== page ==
The prevalence of suicide ideation was significantly higher (p<0.01) among Veterans reporting administrative discharge (23.1%, 95% CI=12.8, 33.3 vs 10.6%, 95% CI=8.4, 12.8). However, after accounting for lifetime suicide attempt history, combat experiences, posttraumatic stress disorder symptoms, depression, and drug dependence, discharge was no longer associated with suicide ideation. Recent mental health service use and time since separation significantly modified this relationship. The relationship was only significant among Veterans not using mental health services (OR=4.8, 95% CI=1.3, 18.2) and among transitioning Veterans <2years from separation (OR=3.6, 95% CI=1.4, 9.2).


These findings suggest that recognized risk factors for suicide, such as a history of mental health conditions, account for the increased prevalence of suicide ideation among Veterans with administrative discharges and that mental health services may have the potential to mitigate such risk in this high-risk Veteran population.

Published by Elsevier Inc. on behalf of American Journal of Preventive Medicine.

Keywords: USA; Society; Wars; Psychiatry.


#Venezuela’s #publichealth #crisis: a regional #emergency (Lancet, abstract)

[Source: The Lancet, full page: (LINK). Abstract, edited.]

Venezuela’s public health crisis: a regional emergency

Kathleen R Page, MD, Shannon Doocy, PhD, Feliciano Reyna Ganteaume, BArch, Prof Julio S Castro, MD, Paul Spiegel, MD, Prof Chris Beyrer, MD

Published: March 11, 2019 / DOI:



The economic crisis in Venezuela has eroded the country’s health-care infrastructure and threatened the public health of its people. Shortages in medications, health supplies, interruptions of basic utilities at health-care facilities, and the emigration of health-care workers have led to a progressive decline in the operational capacity of health care. The effect of the crisis on public health has been difficult to quantify since the Venezuelan Ministry of Health stopped publishing crucial public health statistics in 2016. We prepared a synthesis of health information, beyond what is available from other sources, and scholarly discussion of engagement strategies for the international community. Data were identified through searches in MEDLINE, PubMed, and the grey literature, through references from relevant articles, and governmental and non-governmental reports, and publicly available databases. Articles published in English and Spanish until Dec 1, 2018, were included. Over the past decade, public health measures in Venezuela have substantially declined. From 2012 to 2016, infant deaths increased by 63% and maternal mortality more than doubled. Since 2016, outbreaks of the vaccine-preventable diseases measles and diphtheria have spread throughout the region. From 2016 to 2017, Venezuela had the largest rate of increase of malaria in the world, and in 2015, tuberculosis rates were the highest in the country in 40 years. Between 2017 and 2018, most patients who were infected with HIV interrupted therapy because of a lack of medications. The Venezuelan economic crisis has shattered the health-care system and resulted in rising morbidity and mortality. Outbreaks and expanding epidemics of infectious diseases associated with declines in basic public health services are threatening the health of the country and the region.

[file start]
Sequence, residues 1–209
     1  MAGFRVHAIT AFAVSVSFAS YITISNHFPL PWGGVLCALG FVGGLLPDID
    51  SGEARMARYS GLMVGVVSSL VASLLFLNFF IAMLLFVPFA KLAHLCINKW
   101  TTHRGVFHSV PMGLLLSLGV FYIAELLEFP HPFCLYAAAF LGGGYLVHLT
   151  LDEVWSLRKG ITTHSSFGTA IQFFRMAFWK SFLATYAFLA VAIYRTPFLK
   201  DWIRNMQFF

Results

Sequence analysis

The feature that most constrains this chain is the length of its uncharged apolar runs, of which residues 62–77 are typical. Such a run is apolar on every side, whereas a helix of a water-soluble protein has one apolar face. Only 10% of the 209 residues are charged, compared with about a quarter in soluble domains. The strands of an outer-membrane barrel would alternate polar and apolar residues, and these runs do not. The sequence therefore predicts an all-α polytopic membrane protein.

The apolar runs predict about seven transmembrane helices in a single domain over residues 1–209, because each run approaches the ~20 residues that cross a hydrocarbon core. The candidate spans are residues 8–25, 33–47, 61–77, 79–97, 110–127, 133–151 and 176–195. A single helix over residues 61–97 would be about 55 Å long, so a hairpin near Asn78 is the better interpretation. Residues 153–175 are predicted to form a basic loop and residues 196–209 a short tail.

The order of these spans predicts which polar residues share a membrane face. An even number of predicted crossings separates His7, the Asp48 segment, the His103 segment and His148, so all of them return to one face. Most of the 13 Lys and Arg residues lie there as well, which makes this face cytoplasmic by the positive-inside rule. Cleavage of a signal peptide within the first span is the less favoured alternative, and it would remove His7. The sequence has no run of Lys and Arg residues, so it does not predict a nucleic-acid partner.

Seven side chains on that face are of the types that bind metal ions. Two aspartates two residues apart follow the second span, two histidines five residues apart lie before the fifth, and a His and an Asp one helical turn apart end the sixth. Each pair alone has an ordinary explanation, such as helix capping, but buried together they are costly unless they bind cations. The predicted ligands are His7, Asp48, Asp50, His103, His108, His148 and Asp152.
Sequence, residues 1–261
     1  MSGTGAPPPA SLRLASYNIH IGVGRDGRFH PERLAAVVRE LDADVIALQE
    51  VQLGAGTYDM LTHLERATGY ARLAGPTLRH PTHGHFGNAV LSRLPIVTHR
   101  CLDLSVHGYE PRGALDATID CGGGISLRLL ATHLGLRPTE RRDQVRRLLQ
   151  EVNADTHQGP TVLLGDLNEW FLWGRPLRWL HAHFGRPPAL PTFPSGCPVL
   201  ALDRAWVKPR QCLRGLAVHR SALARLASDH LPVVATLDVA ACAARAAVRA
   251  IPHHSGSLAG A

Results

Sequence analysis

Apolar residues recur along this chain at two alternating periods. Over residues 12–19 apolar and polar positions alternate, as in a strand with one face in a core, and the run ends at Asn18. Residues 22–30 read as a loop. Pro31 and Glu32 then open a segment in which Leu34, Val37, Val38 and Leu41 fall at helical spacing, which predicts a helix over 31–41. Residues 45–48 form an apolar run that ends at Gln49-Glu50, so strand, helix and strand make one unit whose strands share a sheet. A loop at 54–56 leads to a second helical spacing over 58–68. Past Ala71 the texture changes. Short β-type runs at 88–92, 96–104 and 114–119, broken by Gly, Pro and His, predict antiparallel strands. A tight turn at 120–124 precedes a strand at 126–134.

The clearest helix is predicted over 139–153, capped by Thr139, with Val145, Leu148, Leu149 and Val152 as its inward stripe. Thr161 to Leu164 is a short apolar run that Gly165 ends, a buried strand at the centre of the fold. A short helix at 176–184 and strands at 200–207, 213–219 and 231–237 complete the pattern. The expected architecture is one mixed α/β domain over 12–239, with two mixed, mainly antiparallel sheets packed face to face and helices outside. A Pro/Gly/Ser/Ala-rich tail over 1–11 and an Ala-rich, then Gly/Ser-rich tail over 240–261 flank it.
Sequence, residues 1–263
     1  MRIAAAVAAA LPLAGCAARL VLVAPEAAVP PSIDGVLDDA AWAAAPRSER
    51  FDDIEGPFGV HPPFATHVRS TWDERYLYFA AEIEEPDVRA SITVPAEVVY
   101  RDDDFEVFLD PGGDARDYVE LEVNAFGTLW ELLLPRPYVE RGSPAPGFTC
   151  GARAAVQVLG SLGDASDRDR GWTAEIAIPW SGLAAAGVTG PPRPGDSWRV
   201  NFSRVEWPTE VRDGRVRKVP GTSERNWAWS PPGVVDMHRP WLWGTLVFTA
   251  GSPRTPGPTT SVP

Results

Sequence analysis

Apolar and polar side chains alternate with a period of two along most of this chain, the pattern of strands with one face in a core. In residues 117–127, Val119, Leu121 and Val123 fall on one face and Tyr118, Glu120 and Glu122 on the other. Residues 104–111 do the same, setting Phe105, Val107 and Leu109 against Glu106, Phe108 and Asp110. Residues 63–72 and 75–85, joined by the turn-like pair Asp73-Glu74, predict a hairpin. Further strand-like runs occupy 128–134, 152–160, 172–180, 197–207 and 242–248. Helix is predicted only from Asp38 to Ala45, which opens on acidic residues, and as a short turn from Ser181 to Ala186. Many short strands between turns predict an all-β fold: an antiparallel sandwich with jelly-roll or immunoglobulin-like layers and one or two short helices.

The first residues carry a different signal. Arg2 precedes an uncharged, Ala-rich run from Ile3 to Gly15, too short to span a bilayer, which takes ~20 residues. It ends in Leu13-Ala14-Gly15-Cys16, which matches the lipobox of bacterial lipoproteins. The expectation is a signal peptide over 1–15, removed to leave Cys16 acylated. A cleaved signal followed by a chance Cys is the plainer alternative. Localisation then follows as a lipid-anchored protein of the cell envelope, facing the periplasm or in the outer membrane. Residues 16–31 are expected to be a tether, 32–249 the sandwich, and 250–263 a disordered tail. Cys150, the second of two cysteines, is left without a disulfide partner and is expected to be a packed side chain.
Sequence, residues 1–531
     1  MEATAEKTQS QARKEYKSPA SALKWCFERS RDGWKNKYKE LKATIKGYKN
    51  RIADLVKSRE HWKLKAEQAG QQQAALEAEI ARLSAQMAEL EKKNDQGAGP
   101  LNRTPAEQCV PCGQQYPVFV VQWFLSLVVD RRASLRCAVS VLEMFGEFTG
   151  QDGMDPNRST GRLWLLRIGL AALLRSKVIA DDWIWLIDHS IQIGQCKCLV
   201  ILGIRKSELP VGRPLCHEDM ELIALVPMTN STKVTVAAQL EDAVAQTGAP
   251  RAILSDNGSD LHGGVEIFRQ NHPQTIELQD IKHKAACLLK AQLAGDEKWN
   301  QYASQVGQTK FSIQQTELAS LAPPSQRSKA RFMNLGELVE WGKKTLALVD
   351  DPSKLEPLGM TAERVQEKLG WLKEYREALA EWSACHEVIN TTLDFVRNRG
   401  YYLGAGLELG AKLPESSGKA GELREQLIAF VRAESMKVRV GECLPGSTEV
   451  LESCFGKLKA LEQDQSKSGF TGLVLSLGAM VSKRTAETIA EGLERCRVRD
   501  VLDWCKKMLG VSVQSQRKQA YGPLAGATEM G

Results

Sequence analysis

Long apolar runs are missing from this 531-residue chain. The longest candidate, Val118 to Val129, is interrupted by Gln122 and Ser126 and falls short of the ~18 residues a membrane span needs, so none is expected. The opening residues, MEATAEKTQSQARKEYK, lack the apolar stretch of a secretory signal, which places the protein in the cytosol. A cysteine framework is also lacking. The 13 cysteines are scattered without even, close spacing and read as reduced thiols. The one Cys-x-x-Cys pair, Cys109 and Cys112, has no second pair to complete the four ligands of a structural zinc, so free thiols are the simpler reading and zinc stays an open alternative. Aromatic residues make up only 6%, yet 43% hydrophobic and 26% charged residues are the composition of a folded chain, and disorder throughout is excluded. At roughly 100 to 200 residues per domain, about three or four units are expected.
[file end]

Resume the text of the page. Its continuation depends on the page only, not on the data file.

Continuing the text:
Keywords: Public Health; Venezuela; Wars; Society; Poverty.


An #Epidemic of #Suspicion — #Ebola and #Violence in the #DRC (N Engl J Med., summary)

[Source: The New England Journal of Medicine, full page: (LINK). Summary, edited.]


An Epidemic of Suspicion — Ebola and Violence in the DRC

Vinh-Kim Nguyen, M.D.


Until the 2014 Ebola epidemic in West Africa, Ebola outbreaks had been sporadic, small, and largely confined to isolated rural villages in Central Africa. But the 2014 epidemic broke all the rules and killed more than 15,000 people; since then, more outbreaks have been reaching larger urban centers, sometimes resulting in uncontrolled spread. The current epidemic in the Democratic Republic of Congo (DRC) has triggered a massive international response, which has been met by violence, culminating in attacks at the end of February that partially destroyed Ebola treatment units in the regional hub of Butembo and its township, Katwa. This area is the epicenter of the epidemic, which is likely to be fueled by any breakdown of isolation and treatment efforts.



Disclosure forms provided by the author are available at

The views expressed in this article are those of the author and do not necessarily reflect those of Médecins sans Frontières.

This article was published on March 6, 2019, at

Author Affiliations: From Médecins sans Frontières, Democratic Republic of Congo.

Keywords: Ebola; Society; Global Health; Wars.